@plainglazed found a solution in which he formed clusters of cars by recursively locating the slowest of a group of cars, assuming on average it was in the center of the remaining cars. This corresponds to "grabbing" on average one-half of the remaining marbles from the bag. Picture the marbles in a line and, grabbing a random percentage of them starting from one end. This has to end up having the same number of marble grabs and car clusters. It leads to a logarithmic answer, but to the wrong base -- it should be the natural loge, not log2, which gives too large an answer. Instead of decreasing the number by 1/2 each grab, the remaining number is decreased by 1/e each grab. Same must go for locating the slowest of the remaining cars.

@plasmid found a solution that leads to Sum { 1/k }, which as you point out is ln { n } + gamma, and is here confirmed by simulation. What I can't find is a corresponding analysis for the marbles problem (although plainglazed's approach is applicable to both problems) that will lead to that same sum, instead of yours, where both sums appear to be correct.

This has been fun to think about.

.

Though they are similar, I see at least one huge difference. In the traffic jam puzzle, you cut ANY part. In the marble problem, you cut the REMAINING part. Enough for different formulae.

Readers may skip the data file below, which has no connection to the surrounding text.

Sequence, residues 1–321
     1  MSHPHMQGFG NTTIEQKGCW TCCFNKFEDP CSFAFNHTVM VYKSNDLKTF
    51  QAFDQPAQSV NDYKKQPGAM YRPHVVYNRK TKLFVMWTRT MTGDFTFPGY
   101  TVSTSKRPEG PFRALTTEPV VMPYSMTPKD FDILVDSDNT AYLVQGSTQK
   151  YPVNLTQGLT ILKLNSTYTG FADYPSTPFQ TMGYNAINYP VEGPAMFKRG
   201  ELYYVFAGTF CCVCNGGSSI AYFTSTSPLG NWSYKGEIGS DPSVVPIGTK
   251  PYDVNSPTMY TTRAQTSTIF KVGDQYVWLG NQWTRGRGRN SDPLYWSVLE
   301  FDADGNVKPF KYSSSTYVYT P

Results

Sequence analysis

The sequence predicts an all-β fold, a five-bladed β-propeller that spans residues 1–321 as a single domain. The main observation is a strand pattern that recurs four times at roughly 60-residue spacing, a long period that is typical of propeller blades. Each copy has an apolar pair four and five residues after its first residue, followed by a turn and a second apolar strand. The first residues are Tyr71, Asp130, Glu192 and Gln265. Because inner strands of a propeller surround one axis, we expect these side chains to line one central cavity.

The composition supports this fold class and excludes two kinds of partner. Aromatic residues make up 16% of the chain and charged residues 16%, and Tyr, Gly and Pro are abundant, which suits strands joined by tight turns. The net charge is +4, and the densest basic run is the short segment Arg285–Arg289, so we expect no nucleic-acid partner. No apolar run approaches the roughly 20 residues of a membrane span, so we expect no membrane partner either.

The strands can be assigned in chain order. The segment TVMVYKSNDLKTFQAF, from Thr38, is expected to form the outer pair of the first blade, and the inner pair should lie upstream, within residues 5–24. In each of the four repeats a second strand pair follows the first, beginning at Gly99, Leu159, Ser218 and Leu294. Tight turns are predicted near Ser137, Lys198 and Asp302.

Remains me of http://brainden.com/forum/topic/18168-squirrel/

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12 hours ago, harey said:

Though they are similar, I see at least one huge difference. In the traffic jam puzzle, you cut ANY part. In the marble problem, you cut the REMAINING part. Enough for different formulae.

The cars in front of the slowest car are the remaining cars. (Each slowest car captures those behind it.)

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On 3/25/2018 at 6:44 AM, bonanova said:

What I can't find is a corresponding analysis for the marbles problem (although plainglazed's approach is applicable to both problems) that will lead to that same sum, instead of yours, where both sums appear to be correct.

I see now: plainglazed's formula is the simplification of my formula I was so hard looking for. On paper, I got a kind of unreadable proof, so I fed them into my computer. Up to n=30, no difference with 6 decimals.